Just a few months after Phase 1 of the Hallwood Floodplain and Side Channel Restoration Project was completed, juvenile Chinook salmon and O. mykiss (rainbow trout/steelhead) were documented utilizing the newly constructed side channels! Watch them in the videos below, captured by Cramer Fish Sciences biologist Philip Colombano.
Schools of juvenile Chinook salmon (left) and O. mykiss (right) using the newly constructed side channels within Phase 1 of the Hallwood Floodplain and Side Channel Restoratoin Project.
Due to the channelization that followed the Gold Rush, the lower Yuba River lacks adequate off-channel habitat, especially in low-flow years. The Project was engineered to provide off-channel habitats at a variety of flows, even in the face of drought.
Off-channel habitats—like floodplains and side channels—are important for juvenile salmon and steelhead because they provide protection from predators and energetically-taxing, high-velocity flows. In the winter and spring, when the juveniles are present in the system, off-channel habitats also provide warmer waters compared to the main channel; therefore, they increase productivity and metabolism creating the perfect rearing environment. As the project matures, vegetation will recruit along the margins of the side channels and in the floodplains, which will provide additional food input and shade from extreme temperatures during summer months and during drought conditions. Project partners Triangle Properties and the South Yuba River Citizens League planted over 2,000 willows, cottonwoods, and other riparian species across the Phase 1 footprint to jumpstart this process.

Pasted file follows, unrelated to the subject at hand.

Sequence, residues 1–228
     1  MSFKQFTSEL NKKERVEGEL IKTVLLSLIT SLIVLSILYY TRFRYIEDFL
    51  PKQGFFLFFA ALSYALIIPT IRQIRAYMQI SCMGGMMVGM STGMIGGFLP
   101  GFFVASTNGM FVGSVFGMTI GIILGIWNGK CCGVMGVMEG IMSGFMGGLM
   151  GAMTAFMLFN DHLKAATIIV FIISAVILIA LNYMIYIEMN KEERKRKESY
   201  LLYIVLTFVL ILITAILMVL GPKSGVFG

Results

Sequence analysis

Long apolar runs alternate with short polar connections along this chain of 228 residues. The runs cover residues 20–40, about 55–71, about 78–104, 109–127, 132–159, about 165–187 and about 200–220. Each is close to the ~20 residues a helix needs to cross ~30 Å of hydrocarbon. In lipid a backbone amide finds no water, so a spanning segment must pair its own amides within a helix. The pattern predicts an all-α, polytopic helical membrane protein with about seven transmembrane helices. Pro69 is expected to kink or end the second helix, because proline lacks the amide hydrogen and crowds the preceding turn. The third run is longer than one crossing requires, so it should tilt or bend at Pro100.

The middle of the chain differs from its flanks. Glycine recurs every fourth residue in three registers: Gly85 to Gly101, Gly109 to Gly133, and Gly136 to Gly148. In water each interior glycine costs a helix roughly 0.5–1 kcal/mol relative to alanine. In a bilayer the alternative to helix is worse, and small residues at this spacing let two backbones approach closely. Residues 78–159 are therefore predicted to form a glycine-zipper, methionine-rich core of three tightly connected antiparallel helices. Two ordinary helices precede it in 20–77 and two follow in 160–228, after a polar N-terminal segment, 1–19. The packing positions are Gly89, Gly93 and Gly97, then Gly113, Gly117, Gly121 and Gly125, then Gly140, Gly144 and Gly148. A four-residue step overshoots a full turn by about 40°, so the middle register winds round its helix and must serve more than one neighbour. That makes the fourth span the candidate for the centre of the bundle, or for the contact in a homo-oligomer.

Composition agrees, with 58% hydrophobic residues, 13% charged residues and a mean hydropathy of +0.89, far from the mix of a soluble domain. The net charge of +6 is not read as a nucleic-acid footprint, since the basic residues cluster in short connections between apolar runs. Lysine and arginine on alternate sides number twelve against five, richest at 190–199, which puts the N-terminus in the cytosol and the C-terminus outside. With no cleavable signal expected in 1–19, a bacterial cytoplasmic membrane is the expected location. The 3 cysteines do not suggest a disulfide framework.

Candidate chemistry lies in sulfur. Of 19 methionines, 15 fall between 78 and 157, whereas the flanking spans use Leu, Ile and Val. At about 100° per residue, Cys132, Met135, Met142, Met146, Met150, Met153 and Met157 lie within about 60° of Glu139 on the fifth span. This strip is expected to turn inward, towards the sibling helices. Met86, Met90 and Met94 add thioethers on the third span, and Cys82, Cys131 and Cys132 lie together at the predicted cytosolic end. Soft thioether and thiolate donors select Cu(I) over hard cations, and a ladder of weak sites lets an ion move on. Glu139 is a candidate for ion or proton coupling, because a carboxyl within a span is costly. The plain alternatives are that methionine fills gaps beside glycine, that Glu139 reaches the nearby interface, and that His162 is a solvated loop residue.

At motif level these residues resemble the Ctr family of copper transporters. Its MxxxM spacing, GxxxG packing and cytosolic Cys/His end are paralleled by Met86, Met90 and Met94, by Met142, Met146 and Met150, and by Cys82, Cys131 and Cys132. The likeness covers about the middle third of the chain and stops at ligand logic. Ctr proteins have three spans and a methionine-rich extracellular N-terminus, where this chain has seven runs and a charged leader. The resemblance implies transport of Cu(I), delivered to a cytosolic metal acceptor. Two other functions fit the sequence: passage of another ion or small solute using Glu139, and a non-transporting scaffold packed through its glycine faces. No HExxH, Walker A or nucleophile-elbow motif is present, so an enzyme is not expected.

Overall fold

Data collected this year will enable comparison to pre-project data to quantify the benefits the Project has on the biological community.